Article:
Photography by Johnathan M. Lewis
The handsome young men kick back, arm in arm, often shirtless, in front of beachfront cottages, sporting deep tans, tousled hair, canvas sneakers, and khaki shorts. They could be models from a recent Abercrombie & Fitch or J. Crew shoot, but these are in fact previously unexhibited 1950s photos of gay artist Paul Thek and his friends Peter Hujar, Peter Harvey, and Joseph Raffael.
In this amazing collection, recently on view for the first time at New York’s Leslie-Lohman Museum of Gay and Lesbian Art, previously private images reveal the intimate, carefree bonds among young, urban gay and bisexual men in an era when declared homosexuality often spelled career and personal ruin.
“I just think they’re wildly romantic, sexy, and erotic, and a wonderful story of love between individuals,” says Hunter O’Hanian, perusing the works on a steamy summer afternoon in the museum’s 1,800-square-foot space in SoHo. As director of the museum, O’Hanian, 58, takes particular pride in the show for revealing the rich gay creative milieu out of which Thek went on to create his acclaimed paintings and sculptures in the ’60s and ’70s, before he died of AIDS in 1988. “When the Whitney Museum did a Thek retrospective two years ago, there wasn’t one mention that he was gay,” O’Hanian grumbles. “It was the same thing with the recent MoMA show of Jasper Johns and Robert Rauschenberg, which never mentioned that they were lovers.”
For O’Hanian, a Rhode Island native who came to the museum after stints running Provincetown’s Fine Arts Work Center and Aspen’s Anderson Ranch Arts Center, framing art in the gay context in which it was made is a top priority. “There’s no question that sexuality influences art,” says O’Hanian, who sports heavy arm tattoos and a salt-and-pepper beard. “I spend a lot of time thinking about what makes a work gay.” It’s not just work by a gay artist or with explicitly gay themes, he says. “Take Polly Apfelbaum or Yayoi Kusama. There’s a vibrant pop outsider quality in their work that feels very gay to me.”
Speaking of outsider art, O’Hanian and his staff of seven at Leslie-Lohman are sitting on a trove of it — 40,000 donated items in all, he says, with more coming in every day. Since Charles Leslie and Fritz Lohman, who were lovers, started showing their collection of gay erotic art out of their SoHo loft in 1969, the venue has become the resting ground for the private collections of the gay deceased, especially in the AIDS-plagued 1980s. “Survivors would drop off collections of Harings, Warhols, George Platt Lyneses — having no idea what they were worth,” says O’Hanian. Among the museum’s most valuable pieces are some of Warhol’s late-’70s “cum paintings,” which mixed semen and paint on canvas. O’Hanian estimates their current worth as up to $100,000.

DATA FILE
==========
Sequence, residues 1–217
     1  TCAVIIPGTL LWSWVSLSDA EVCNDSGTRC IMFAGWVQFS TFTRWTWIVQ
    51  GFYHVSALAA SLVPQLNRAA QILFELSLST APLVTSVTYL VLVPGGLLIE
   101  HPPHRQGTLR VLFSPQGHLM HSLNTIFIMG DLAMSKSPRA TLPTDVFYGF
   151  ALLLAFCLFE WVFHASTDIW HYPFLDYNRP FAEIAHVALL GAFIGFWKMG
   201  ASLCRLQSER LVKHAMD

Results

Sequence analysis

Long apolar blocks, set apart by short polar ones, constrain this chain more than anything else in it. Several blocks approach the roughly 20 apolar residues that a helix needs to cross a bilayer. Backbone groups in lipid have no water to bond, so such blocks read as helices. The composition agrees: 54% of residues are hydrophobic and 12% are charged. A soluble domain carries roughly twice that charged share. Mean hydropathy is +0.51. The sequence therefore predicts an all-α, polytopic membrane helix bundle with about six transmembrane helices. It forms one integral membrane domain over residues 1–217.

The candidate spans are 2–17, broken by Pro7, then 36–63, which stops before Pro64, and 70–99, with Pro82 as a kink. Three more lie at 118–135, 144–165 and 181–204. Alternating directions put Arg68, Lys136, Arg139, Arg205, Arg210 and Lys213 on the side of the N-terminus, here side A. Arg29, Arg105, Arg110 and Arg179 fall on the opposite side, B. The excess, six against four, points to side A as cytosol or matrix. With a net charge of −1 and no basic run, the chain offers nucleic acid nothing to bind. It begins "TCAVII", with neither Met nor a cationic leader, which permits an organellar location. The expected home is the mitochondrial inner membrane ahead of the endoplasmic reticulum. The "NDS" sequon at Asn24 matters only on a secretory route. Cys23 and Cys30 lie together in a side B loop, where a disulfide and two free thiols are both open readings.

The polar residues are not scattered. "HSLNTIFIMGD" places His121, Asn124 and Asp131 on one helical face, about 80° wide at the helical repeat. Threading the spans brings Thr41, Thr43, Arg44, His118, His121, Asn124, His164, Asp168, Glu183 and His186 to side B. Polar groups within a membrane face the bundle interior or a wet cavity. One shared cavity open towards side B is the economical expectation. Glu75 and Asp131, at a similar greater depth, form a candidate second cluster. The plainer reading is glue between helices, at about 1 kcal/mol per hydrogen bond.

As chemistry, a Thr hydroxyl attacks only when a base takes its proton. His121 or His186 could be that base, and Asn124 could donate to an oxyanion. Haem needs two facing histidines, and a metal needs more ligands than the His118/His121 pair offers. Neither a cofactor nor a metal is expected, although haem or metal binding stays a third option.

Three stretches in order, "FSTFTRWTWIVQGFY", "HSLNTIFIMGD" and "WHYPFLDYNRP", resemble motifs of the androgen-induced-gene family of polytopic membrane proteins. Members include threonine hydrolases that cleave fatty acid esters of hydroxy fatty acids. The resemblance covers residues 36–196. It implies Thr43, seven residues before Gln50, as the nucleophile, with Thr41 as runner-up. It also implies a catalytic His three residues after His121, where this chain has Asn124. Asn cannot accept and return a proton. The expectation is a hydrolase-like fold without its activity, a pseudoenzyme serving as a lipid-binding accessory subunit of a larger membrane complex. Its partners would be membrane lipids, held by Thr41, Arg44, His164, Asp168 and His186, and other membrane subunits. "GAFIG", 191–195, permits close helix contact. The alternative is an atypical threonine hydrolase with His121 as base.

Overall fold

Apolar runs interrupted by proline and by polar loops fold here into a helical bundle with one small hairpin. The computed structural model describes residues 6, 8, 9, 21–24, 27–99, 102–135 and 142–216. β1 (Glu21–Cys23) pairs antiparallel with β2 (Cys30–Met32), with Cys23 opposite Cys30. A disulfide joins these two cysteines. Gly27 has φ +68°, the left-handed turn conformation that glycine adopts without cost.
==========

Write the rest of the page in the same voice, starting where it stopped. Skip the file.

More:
But much of the collection is made of the obsessive, bizarre, and kinky art that unknown gay people made or collected privately over the past several decades.
O’Hanian walks over to 73 boxes recently donated by the surviving lover of a 93-year-old man. Inside are thousands of cut-outs from vintage porn magazines, decoupaged onto paper with bondage cuffs slavishly applied over every model’s wrists and ankles.
“The fact that this work represents people’s secret lives is really astonishing,” marvels O’Hanian.
He also delights in showing work portraying open secrets. Through December, the museum will hold the first U.S. exhibit of the works of Sascha Schneider, an early-1900s German painter and sculptor who depicted beautiful naked men in an art nouveau neoclassical style.
“He made these works for straight people in public buildings,” says O’Hanian, looking through a catalog of Schneider’s perfectly muscled demigods. “He actually kept a gym in his studio for his models.” O’Hanian’s favorite work? A painting titled “Hypnose” that shows a hooded muscle daddy beaming white light into the eyes of a stricken, naked ephebe (in a garden of lush flowers, of course).
“I posted that one on Facebook and a friend asked which of the two I was,” says O’Hanian with a laugh. “I said it depends on the day and the relationship.” (For the record, O’Hanian has a boyfriend in Provincetown, where he still keeps a house filled with works by local artists.)
“I love the absolute frankness of it. It’s about the exchange of power between people,” he says.
Other upcoming shows O’Hanian is excited about include “Stroke,” starting next March, featuring illustrations from gay magazines of the 1940s through the 1990s, and “Sex! Art! Music!” in summer 2014, which will explore queer influences on the music scenes of the 1970s and 1980s.
Meanwhile, there are a lot of boxes for O’Hanian and his staff to catalog their way through, both in the museum’s current Wooster Street space and the original basement gallery space on nearby Prince Street. “It’s a daily slog,” he admits. His ultimate goal?
One giant, consolidated space. “It’s too early for us to be looking” — the museum’s current budget, after all, is only around $1 million — “but in five years, we could easily have a site with three 2,000-square-foot galleries, plus an auditorium.”
O’Hanian won’t stop until it happens.